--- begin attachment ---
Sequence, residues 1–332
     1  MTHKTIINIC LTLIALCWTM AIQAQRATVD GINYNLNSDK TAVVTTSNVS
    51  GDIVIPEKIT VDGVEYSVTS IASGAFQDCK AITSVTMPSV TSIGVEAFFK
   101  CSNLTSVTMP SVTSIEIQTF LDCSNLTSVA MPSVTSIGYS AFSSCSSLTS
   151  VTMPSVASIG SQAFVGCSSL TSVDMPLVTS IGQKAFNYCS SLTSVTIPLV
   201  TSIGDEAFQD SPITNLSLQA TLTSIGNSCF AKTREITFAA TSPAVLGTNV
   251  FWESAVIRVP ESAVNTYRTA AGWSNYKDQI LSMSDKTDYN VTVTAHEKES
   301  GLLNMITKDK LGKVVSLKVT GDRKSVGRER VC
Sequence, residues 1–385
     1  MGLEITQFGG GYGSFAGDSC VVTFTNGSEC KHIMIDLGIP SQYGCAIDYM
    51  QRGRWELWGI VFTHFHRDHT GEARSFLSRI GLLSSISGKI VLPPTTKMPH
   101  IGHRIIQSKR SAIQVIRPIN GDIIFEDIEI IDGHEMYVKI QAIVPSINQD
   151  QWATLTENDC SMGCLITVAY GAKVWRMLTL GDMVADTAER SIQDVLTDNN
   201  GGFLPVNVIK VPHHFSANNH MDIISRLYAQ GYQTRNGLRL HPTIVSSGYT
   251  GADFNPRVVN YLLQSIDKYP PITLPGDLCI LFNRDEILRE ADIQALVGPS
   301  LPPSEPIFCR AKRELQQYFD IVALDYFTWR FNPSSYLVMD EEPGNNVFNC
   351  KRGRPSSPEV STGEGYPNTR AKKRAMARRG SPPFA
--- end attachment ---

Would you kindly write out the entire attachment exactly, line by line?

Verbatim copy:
Sequence, residues 1–332
     1  MTHKTIINIC LTLIALCWTM AIQAQRATVD GINYNLNSDK TAVVTTSNVS
    51  GDIVIPEKIT VDGVEYSVTS IASGAFQDCK AITSVTMPSV TSIGVEAFFK
   101  CSNLTSVTMP SVTSIEIQTF LDCSNLTSVA MPSVTSIGYS AFSSCSSLTS
   151  VTMPSVASIG SQAFVGCSSL TSVDMPLVTS IGQKAFNYCS SLTSVTIPLV
   201  TSIGDEAFQD SPITNLSLQA TLTSIGNSCF AKTREITFAA TSPAVLGTNV
   251  FWESAVIRVP ESAVNTYRTA AGWSNYKDQI LSMSDKTDYN VTVTAHEKES
   301  GLLNMITKDK LGKVVSLKVT GDRKSVGRER VC
Sequence, residues 1–385
     1  MGLEITQFGG GYGSFAGDSC VVTFTNGSEC KHIMIDLGIP SQYGCAIDYM
    51  QRGRWELWGI VFTHFHRDHT GEARSFLSRI GLLSSISGKI VLPPTTKMPH
   101  IGHRIIQSKR SAIQVIRPIN GDIIFEDIEI IDGHEMYVKI QAIVPSINQD
   151  QWATLTENDC SMGCLITVAY GAKVWRMLTL GDMVADTAER SIQDVLTDNN
   201  GGFLPVNVIK VPHHFSANNH MDIISRLYAQ GYQTRNGLRL HPTIVSSGYT
   251  GADFNPRVVN YLLQSIDKYP PITLPGDLCI LFNRDEILRE ADIQALVGPS
   301  LPPSEPIFCR AKRELQQYFD IVALDYFTWR FNPSSYLVMD EEPGNNVFNC
   351  KRGRPSSPEV STGEGYPNTR AKKRAMARRG SPPFA